Human remains were found Tuesday in a large crocodile that police believe killed an elderly woman who wandered away from her aged-care home in northeast Australia.
Clothing and a walking stick belonging to Anne Cameron, who suffered from dementia, were discovered by a creek near the tourist town of Port Douglas in Queensland state last week.
Police made the grisly find after a 4.3-metre (14-foot) animal was removed by wildlife officers from the Mowbray River.
“The estuarine crocodile, which is believed to be the one involved in the death of 79-year-old Anne Cameron, was examined by a specialist in Cairns today with human remains being located inside,” police said.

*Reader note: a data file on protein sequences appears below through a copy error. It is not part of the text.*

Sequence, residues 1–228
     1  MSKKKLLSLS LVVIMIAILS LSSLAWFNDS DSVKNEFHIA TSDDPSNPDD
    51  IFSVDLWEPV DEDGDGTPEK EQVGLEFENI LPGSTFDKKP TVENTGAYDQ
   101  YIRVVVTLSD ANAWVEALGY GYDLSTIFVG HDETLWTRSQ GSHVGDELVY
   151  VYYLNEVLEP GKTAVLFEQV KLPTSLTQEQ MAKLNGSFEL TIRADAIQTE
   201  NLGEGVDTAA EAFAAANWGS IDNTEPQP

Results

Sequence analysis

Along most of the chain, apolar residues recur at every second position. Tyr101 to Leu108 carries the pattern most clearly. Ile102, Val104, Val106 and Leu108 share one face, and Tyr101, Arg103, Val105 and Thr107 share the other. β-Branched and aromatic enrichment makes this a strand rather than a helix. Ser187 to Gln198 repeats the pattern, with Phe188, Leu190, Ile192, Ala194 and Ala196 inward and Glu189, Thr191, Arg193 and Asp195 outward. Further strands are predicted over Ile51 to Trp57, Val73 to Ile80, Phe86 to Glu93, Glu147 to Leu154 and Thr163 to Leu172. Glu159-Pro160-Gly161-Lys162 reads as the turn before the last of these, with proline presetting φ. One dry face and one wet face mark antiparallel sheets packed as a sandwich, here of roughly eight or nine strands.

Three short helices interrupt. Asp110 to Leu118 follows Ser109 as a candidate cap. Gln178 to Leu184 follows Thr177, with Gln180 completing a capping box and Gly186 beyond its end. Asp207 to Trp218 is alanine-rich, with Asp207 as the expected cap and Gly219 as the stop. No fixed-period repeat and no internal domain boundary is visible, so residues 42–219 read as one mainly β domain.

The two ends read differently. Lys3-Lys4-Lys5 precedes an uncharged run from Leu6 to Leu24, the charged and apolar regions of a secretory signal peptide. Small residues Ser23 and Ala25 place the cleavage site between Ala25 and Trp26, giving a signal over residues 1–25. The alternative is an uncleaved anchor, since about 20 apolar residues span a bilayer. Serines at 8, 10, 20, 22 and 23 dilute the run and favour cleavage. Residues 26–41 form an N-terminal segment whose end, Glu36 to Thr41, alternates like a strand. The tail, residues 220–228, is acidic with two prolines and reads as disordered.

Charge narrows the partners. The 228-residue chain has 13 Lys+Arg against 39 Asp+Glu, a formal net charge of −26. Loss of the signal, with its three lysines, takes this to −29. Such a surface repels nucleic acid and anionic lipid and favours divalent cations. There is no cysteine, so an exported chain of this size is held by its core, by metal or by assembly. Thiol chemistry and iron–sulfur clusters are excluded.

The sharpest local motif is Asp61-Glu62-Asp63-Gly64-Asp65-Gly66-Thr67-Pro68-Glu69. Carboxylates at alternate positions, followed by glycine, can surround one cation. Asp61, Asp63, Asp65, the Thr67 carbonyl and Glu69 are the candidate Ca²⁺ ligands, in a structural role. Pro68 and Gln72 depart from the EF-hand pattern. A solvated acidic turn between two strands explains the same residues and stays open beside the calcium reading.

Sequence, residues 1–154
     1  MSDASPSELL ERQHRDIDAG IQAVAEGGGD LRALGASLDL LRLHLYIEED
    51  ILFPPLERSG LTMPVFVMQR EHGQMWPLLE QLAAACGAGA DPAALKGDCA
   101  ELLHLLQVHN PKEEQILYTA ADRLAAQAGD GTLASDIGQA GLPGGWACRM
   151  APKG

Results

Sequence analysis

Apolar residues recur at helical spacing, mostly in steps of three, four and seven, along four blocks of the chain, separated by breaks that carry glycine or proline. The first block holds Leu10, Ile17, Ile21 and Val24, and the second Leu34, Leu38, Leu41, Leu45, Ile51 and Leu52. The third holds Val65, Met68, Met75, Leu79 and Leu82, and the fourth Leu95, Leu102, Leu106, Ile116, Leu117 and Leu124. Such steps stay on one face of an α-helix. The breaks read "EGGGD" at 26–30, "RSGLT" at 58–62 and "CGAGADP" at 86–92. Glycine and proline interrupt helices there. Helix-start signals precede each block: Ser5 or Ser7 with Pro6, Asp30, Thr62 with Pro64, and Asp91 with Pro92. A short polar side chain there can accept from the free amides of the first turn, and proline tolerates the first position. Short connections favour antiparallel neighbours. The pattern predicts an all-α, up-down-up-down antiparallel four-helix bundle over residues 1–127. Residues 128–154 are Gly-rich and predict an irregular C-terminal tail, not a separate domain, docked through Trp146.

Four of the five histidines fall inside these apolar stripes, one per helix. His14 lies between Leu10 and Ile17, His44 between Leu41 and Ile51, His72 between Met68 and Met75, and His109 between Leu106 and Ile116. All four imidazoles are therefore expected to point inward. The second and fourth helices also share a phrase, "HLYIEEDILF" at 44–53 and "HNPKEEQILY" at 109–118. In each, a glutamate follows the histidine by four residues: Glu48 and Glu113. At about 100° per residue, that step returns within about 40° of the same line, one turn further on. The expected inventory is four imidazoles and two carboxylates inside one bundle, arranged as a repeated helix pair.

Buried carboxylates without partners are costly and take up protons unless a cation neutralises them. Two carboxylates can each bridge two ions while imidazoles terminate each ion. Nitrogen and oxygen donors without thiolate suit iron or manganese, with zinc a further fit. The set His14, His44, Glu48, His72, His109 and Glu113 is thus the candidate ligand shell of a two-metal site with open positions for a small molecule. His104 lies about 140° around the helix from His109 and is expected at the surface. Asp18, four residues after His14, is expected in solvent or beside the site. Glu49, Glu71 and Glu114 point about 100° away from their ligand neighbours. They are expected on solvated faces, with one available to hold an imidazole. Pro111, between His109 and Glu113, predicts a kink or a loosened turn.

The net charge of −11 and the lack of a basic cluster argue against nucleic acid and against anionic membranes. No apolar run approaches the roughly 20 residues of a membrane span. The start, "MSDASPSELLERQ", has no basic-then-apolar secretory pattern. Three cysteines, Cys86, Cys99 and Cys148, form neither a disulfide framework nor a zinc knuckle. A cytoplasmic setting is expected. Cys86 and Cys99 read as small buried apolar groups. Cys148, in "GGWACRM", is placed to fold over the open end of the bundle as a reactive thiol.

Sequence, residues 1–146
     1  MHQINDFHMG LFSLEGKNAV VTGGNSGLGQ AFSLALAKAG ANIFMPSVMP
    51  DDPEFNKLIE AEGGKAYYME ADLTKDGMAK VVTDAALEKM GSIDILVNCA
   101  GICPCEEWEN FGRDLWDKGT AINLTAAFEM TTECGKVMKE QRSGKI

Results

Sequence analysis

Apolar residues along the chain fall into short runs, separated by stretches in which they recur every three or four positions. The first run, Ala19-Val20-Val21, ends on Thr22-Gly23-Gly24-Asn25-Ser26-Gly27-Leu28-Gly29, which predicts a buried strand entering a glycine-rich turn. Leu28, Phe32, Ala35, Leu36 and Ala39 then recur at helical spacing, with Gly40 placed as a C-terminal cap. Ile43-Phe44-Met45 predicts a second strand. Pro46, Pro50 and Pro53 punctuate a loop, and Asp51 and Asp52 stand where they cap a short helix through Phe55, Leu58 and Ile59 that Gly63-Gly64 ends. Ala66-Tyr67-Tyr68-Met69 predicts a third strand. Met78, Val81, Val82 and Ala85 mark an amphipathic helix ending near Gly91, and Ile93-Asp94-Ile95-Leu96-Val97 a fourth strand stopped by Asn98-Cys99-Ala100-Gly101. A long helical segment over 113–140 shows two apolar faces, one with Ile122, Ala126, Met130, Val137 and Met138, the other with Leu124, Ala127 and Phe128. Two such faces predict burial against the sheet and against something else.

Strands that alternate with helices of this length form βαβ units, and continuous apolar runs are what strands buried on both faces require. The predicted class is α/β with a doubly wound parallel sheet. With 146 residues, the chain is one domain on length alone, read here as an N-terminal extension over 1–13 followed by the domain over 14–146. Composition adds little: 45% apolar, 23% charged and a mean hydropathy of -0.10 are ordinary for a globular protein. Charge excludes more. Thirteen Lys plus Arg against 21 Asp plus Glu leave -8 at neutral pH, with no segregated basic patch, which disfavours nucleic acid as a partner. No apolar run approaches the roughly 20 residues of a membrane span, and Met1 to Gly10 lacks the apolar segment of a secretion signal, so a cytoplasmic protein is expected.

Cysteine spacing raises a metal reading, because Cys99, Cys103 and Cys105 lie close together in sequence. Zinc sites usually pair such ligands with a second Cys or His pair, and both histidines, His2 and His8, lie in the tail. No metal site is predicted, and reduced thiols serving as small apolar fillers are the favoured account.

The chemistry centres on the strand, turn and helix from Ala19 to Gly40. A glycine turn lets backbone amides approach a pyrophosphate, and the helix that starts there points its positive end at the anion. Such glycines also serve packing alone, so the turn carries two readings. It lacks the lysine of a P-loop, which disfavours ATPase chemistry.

“Investigations continue with officers preparing a report for the coroner.”
Cameron, who was last seen a week ago, had wandered from her care facility in the past but it was not clear how she came to be in the remote bushland where her belongings were found.
Saltwater crocodiles, which can grow up to seven metres long and weigh more than a tonne, are a common feature of the vast continent’s tropical north and kill an average of two people a year.
Their numbers have exploded since they were declared a protected species in the 1970s and the woman’s disappearance has reignited calls to control them.
But her family have said they do not want to see any crocs culled.
“The crocodiles… are not responsible for being crocodiles, and doing what crocodiles do,” her son Craig Eggins said, according to the Cairns Post.